- Keep the shoe firmly on the surface and ease the saw forward to the cutting line while keeping the trigger engaged.
- Guide the saw along the scrap side of the cutting line, keeping the shoe flat.
- Let the saw do its work. Pushing with too much force can strain the motor.
- Release the trigger to stop the blade when the cut is complete, then lift the saw and place it on the workbench.
There are two types of straight cuts a circular saw can make on a piece of lumber.
- A crosscut is a cut against the grain of the wood, such as when trimming a length of board to size.
- A rip cut goes with the grain of the wood and is usually a longer cut. The term “ripping” could also describe trimming a standard 4-feet x 8-feet piece of plywood to a size of 3-feet x 7-feet, for example.
Accuracy is important when cutting wood. To help prevent cuts from veering away from the cut line, watch the blade as it moves along the line and not only the guide markings that are on the saw’s shoe.
Also, using a saw guide will ensure the tool cuts in a straight path. Place a speed square across the board you’re cutting, with its lip hanging over the edge. Get your blade aligned with the cut line and slide the straight edge of the speed square against the saw shoe. Hold the square in position as you guide the saw through the board.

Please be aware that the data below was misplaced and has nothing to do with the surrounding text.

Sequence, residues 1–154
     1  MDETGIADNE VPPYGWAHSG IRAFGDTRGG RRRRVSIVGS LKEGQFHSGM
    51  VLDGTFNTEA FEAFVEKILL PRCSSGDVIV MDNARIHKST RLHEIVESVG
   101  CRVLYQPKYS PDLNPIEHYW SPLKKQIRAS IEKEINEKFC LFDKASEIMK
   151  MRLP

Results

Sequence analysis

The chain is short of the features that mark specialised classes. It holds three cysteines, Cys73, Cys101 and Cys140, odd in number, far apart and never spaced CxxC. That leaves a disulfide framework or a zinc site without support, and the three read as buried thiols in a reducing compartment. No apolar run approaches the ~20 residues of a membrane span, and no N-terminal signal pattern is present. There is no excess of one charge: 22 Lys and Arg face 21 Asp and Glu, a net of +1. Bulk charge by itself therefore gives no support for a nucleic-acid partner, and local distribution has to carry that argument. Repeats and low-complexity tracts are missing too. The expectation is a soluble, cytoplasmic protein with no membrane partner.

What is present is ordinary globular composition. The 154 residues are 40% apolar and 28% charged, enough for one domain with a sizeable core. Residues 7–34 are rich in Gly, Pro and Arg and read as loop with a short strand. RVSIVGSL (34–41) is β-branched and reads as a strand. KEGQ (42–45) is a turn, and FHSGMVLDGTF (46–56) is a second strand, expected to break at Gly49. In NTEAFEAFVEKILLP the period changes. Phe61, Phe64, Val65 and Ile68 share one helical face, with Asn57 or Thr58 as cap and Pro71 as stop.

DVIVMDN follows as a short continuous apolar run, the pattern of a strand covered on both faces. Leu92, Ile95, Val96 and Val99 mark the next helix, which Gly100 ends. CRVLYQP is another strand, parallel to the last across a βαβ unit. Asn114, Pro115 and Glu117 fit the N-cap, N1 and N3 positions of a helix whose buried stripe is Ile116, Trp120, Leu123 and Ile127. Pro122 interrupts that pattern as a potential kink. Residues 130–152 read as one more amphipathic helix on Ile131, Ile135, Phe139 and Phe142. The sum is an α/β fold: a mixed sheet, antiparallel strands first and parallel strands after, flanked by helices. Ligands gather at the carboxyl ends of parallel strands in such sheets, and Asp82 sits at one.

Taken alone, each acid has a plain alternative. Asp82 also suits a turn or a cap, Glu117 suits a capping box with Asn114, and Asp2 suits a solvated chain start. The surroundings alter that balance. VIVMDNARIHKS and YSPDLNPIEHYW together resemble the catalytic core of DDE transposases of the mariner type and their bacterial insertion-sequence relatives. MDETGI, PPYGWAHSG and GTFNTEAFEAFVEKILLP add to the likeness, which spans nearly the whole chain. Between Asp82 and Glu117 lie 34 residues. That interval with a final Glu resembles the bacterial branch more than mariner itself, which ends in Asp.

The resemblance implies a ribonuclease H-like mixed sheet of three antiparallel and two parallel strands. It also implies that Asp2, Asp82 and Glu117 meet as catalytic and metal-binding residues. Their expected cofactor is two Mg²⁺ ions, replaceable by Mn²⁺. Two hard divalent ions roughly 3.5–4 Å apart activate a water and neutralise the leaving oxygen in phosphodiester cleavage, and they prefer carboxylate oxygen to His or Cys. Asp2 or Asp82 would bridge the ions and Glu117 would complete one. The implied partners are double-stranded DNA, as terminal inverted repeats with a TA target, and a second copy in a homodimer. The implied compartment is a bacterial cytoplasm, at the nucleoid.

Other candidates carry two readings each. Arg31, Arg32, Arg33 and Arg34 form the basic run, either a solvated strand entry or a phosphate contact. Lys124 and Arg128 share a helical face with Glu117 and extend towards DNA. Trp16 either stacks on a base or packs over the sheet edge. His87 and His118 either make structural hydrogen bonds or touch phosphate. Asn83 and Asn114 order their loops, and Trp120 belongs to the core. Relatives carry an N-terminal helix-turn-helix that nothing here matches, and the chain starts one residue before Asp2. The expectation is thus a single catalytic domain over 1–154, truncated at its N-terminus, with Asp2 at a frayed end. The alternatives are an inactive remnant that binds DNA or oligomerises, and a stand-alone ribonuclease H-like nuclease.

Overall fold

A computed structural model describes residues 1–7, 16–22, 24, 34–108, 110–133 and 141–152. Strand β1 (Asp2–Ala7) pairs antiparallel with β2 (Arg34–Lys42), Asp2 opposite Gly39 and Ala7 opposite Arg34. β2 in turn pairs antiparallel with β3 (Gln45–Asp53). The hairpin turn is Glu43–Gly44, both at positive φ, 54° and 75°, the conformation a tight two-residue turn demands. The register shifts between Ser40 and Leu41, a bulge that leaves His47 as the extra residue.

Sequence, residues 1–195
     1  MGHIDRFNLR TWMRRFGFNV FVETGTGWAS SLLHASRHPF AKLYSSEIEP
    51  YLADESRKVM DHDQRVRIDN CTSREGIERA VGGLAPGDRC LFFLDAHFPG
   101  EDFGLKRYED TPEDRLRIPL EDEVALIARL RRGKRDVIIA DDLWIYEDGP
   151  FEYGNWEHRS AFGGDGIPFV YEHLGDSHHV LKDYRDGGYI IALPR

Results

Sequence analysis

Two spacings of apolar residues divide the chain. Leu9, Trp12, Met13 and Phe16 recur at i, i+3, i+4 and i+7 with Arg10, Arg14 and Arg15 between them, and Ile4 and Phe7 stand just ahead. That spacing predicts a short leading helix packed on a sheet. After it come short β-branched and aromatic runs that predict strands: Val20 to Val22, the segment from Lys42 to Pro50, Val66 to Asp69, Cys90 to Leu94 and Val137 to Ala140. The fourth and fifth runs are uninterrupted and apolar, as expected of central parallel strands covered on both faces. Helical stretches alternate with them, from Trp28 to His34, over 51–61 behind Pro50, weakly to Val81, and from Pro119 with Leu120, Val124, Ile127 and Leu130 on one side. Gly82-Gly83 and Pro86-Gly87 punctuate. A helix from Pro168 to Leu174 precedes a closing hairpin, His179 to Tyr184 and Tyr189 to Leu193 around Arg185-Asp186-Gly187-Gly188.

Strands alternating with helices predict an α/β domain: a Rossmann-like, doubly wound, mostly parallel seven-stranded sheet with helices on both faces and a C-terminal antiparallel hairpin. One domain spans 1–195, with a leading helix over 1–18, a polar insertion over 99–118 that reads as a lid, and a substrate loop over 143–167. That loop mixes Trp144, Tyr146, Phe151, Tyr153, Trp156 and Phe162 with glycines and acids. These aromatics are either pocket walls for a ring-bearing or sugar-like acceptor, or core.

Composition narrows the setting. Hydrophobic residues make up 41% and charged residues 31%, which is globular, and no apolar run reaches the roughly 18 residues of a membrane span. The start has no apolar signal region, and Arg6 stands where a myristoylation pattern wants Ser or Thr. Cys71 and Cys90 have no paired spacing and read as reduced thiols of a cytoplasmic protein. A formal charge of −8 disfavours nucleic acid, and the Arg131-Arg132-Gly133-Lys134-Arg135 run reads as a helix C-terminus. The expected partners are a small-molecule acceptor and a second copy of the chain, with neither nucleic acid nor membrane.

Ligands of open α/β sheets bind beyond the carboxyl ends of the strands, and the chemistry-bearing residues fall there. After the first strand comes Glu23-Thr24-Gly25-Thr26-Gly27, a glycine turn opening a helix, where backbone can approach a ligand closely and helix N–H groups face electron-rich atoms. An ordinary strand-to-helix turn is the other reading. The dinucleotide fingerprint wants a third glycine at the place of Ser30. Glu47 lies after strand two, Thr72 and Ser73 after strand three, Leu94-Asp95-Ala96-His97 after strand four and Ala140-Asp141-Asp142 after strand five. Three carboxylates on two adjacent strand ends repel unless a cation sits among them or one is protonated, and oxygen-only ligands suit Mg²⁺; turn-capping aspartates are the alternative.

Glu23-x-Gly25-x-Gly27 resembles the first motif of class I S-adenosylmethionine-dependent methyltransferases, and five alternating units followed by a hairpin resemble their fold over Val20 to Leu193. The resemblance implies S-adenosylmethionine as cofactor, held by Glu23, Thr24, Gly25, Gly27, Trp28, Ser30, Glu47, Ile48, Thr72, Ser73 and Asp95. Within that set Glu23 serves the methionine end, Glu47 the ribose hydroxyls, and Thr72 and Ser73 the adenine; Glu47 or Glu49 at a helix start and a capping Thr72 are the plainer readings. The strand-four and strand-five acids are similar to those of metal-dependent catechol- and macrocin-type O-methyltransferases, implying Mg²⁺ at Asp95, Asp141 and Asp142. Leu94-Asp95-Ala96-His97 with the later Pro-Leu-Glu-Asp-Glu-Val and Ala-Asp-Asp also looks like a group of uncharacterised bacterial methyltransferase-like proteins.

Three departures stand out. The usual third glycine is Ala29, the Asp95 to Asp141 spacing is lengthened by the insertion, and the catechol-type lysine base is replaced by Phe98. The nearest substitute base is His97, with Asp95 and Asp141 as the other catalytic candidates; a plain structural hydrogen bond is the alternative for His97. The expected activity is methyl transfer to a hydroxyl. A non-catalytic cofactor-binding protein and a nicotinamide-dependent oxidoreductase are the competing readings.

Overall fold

For longer rip cuts, such as for sheets of plywood, accessories like a saw guide can help you stay on track. You can create your own by clamping a 1-inch-thick board onto the piece you are cutting and using it as a guide for your saw.
Keep these tips in mind as you are learning how to use a circular saw.
- When appearance matters, make cuts with the good side facing down, as circular saws can splinter the wood on the top side.
- Making your cut line on masking tape can reduce splintering.
- Start over if you see that you've veered-off from the cut line instead of trying to curve your way back on track.
- Don't clamp both sides of a cut.
- For efficiency and safety, set the blade depth no more than 1/4-inch below the thickness of the board.
Safe operation is the most important part of learning how to use a circular saw. These power tools are easy to operate but care should be taken to prevent serious injury.
- Unplug the saw or remove its battery when changing blades and when not in use.
- Avoid dangerous kickback. Always use sharp blades that are intended for the material to be cut and follow the blade manufacturer’s guidelines.
- Do not attempt to turn on the tool when the blade is against material to be cut.
- Never force the saw while it is cutting. Allow it to cut at its own speed.
- Keep the circular saw shoe firmly placed flat on the cutting surface.
- Wait for the blade to completely stop before lifting the saw from a cut.
- Wear safety glasses to protect your eyes from dust or flying debris, use appropriate ear protection to dampen the loud noise and a dust mask to avoid inhalation of sawdust.
- Keep hands away from moving blades.
- Do not wear loose clothing or jewelry when operating the saw.